Dissertation Outline : Complete Dissertation Structure
A dissertation is a written document that summarizes the research on a given topic. It is an opportunity during a doctorate program to contribute new knowledge, theories, or practices to your field. The point of a dissertation is to come up with an entirely new concept, develop it, and defend its worth.
Dissertations are structured as follows:
- Chapter 1: introduction (broad overview of the research)
- Chapter 2: literature review and conceptual framework
- Chapter 3: methodology
- Chapter 4: findings
- Chapter 5: interpretation conclusion and recommendation
Dissertation proposals include the elements in chapters 1 to 3 plus the references.
Chapter 1: Introduction
This chapter introduces and provides an overview of your research. It summarizes chapters 2 and 3 and hence it is advisable to write it after chapter 2 and 3. It includes:
a) Overview – Briefly explain why you are undertaking the study and the main problems that you will address.
b) Statement of the problem – Discuss the problem that you will address in the research. State the problem generally first, then state the specifics that your research will address.
c) Purpose – The purpose of a research is to acquire knowledge to address the problem or its certain aspects.
d) Research questions – Research questions address problems of the study. Each question seeks answers to a specific problem situation described in your study.
e) Significance of the study – Discuss the potential significance of the research. Significance comes from the uses that might be made of your results; how they might benefit your theory, knowledge, practice, policy, and future research.
f) Conceptual framework – Briefly summarize the conceptual framework derived from the literature review reported in chapter 2. Conceptual; framework is the theoretical foundation that helps you understand the problem situation and its dynamics.
g) Summary of methodology
i) Definition of terms
Chapter 2: Literature Review
The literature review should carefully examine prior research, which is though relevant to the key aspects of your anticipated research. It is used to inform:
- The problem to be addressed and its significance.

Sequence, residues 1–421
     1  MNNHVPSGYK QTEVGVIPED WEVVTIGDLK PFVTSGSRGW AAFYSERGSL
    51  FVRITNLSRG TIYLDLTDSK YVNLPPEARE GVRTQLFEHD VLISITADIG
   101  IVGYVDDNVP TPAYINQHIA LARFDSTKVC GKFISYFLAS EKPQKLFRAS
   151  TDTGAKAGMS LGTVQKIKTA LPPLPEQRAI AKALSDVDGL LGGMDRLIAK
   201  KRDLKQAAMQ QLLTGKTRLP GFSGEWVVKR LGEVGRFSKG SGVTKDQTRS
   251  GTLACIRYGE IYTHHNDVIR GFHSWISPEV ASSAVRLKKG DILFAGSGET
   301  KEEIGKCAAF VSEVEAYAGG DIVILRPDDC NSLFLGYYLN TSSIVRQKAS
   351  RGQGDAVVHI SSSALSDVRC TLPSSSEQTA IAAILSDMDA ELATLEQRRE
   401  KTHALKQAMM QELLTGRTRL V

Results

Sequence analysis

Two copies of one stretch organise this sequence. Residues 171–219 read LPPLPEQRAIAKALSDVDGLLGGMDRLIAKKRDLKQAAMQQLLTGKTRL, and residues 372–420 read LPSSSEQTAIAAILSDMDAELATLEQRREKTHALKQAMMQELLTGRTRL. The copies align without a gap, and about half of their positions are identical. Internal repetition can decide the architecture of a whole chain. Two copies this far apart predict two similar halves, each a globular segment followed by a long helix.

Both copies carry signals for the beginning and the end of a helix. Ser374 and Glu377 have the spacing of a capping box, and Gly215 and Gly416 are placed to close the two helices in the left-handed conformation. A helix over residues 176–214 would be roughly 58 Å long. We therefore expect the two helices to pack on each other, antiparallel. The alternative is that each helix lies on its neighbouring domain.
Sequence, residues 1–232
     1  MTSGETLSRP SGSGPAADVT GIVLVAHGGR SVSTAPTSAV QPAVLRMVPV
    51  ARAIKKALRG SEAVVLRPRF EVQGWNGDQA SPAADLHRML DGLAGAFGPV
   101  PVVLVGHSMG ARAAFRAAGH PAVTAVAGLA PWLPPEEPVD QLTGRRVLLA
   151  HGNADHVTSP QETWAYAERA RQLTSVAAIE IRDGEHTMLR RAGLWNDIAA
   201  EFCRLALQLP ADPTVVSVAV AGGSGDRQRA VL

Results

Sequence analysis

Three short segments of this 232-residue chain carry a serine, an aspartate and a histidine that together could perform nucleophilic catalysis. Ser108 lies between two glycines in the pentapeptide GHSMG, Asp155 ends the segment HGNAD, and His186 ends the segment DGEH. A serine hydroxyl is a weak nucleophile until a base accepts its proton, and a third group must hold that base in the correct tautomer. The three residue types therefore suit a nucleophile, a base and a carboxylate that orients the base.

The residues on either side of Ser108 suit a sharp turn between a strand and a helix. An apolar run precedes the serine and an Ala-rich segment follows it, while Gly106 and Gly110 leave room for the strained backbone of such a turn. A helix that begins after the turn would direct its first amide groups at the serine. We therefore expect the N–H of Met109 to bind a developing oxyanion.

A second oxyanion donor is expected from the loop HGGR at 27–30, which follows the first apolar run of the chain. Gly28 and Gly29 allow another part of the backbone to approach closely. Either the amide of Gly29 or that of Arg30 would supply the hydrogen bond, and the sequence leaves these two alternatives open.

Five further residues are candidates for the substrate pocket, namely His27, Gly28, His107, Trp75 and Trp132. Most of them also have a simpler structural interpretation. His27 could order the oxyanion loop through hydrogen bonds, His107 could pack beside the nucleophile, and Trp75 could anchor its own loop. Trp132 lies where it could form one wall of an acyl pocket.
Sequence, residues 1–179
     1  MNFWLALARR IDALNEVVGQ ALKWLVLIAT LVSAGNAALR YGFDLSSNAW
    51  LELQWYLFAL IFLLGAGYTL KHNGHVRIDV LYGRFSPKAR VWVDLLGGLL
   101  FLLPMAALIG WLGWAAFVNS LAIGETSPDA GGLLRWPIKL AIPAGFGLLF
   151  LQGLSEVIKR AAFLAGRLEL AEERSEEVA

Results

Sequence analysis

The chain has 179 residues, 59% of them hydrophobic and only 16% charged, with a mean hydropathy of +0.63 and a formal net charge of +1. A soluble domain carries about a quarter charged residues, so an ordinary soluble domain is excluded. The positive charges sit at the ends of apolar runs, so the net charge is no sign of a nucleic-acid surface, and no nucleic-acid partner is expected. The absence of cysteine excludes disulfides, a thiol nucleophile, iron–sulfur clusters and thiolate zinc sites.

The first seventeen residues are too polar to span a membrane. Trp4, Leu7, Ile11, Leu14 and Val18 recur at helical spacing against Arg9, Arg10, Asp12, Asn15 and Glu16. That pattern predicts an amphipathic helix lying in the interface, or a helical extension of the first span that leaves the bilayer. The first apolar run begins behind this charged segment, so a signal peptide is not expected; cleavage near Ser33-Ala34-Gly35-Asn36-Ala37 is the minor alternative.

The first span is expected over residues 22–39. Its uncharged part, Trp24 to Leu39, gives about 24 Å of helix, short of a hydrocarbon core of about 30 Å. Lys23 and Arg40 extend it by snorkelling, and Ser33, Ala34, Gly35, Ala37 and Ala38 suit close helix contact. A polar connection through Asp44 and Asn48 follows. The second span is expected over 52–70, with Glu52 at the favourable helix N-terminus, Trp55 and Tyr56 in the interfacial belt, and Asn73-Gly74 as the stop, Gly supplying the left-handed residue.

- The conceptual framework.
- The research questions.
- The research methodology.
This chapter includes:
a) Introduction. Indicate the topics that you will cover and the purpose of the review. Briefly describe the methods of review.
b) Description and critique of scholarly literature. Describe and briefly critique each major theoretical discourse and conceptual discussion. Identify both the strengths and weaknesses.
c) Assumptions for the forthcoming study. Analyze and synthesize across the individual sources that you have described.
The assumptions could be about:
- The problem addressed in your research and its significance.
- Possible research questions.
- Possible theoretical framework to be used.
- Possible research methodologies to be used.
d) The conceptual framework for the forthcoming study.
Chapter 3: Research and Design Methodology
The methods are the procedures that you will use to acquire evidence and analyze it for the purpose of answering research questions, testing hypotheses, and examining foreshadowed problems.
This chapter includes:
- Exploratory questions
- Research procedures
- Human participants and ethics precautions – Summarize potential risks to humans whom you collected your data from in your research and the precautions you have taken to ensure informed consent.
Chapter 4: Findings
Present important results in a table, graph, or chart and the less important ones in a table. Report the results in sufficient detail to justify any subsequent conclusions and recommendations.
Chapter 5: Interpretation Conclusion and Recommendation
In this chapter, you provide meaning to the results by tying them to past theory, research, policy and partly tying them to future theory. It includes:
- Summary – Begin with a brief summary of your problem and the main results of your research.